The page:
Last week a pair of organizations with ties to newly-inaugurated Chicago Mayor Brandon Johnson (yes, I know, the T-shirts are already being offered for sale) issued a proposal for increasing taxes and decreasing expenses. The Johnson Administration was quick to distance itself from the proposal. A little. Despite all of the proposals having been things that Mayor Johnson ran on. Inspiringly, the proposal had the title of this post as its title.
The editors of Crain’s Chicago Business have some recommendations for Mayor Johnson:
The proposal, authored by two grassroots organizations with ties to Johnson — Action Center on Race & The Economy and the People’s Unity Platform — calls for measures such as a city wealth tax, an income tax, deep cuts in police spending and an end to all tax-increment financing projects. While these ideas may sound good to many of the Chicagoans who voted Johnson into office, it’s important to read the fine print and understand just how many middle-class Chicagoans — not just fat cats — would be hurt if many of these notions became policy.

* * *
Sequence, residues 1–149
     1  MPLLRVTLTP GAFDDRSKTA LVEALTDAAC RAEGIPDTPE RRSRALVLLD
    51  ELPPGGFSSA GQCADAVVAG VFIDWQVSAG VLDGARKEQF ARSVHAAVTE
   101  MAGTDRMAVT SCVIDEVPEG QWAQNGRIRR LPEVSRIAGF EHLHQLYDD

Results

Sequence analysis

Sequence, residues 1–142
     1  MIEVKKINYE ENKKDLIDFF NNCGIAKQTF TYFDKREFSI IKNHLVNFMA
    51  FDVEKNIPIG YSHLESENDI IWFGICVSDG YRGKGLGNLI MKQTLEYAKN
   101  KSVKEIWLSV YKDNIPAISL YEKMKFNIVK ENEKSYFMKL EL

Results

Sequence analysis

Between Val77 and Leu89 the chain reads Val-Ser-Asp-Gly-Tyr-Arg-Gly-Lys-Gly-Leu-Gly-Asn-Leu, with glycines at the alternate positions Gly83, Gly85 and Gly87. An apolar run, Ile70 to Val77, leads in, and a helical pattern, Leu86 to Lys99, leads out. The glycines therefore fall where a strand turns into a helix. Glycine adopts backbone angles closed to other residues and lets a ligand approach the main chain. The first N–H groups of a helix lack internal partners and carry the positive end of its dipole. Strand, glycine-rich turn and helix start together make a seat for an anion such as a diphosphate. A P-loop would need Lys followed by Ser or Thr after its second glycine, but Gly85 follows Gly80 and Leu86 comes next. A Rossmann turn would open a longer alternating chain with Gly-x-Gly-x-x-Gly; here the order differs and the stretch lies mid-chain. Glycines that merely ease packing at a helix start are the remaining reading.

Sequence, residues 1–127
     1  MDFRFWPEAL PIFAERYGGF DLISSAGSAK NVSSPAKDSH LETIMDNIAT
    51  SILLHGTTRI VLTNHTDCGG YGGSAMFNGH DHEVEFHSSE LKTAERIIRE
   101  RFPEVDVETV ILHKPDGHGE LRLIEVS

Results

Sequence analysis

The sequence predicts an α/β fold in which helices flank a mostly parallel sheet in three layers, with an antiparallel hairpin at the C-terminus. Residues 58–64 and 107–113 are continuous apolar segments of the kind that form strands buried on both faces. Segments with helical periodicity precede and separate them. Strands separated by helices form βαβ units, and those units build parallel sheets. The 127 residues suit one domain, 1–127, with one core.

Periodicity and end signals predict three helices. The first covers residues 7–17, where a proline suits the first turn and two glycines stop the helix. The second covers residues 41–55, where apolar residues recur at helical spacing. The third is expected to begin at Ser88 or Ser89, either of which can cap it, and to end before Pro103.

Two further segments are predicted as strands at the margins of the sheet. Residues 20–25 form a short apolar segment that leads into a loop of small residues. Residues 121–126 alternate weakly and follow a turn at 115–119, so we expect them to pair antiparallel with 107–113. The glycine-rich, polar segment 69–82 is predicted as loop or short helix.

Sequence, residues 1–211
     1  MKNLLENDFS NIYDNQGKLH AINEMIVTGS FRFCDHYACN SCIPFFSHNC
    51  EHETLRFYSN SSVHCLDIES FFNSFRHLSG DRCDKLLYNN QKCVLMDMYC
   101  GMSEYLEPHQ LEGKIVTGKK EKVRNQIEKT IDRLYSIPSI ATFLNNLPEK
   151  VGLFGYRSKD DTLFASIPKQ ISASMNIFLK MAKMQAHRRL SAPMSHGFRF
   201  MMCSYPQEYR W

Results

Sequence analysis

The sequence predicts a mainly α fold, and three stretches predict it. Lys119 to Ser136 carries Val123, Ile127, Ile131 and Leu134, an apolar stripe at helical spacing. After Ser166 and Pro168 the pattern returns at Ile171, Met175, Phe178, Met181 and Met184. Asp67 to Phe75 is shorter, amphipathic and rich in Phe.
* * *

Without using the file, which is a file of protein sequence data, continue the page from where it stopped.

As Crain’s Greg Hinz first reported, a few of the proposals these groups are espousing match up with concepts Johnson himself campaigned on, most notably:
• Reinstating the “head tax” of $33 per worker on companies with at least 50 workers, netting $106 million a year.
• Boosting from 5 cents to 14 cents the tax per gallon on jet fuel used at Chicago’s airports, raising $96 million.
• Raising the real estate transaction fee on sales of at least $1 million by 1.9 percentage points, a move the group estimates would generate $163 million.
Beyond that, the progressive advocates also propose:
• Imposing a city income tax of 3.5% on any household with income above $100,000 a year. This tax would apply to Chicago residents as well as money made by suburbanites employed in the city. Here in Chicago, at least a third of city residents would end up paying at least some city income tax under this plan;
• Creating a 0.4% annual wealth tax on the richest 10% of Chicagoans.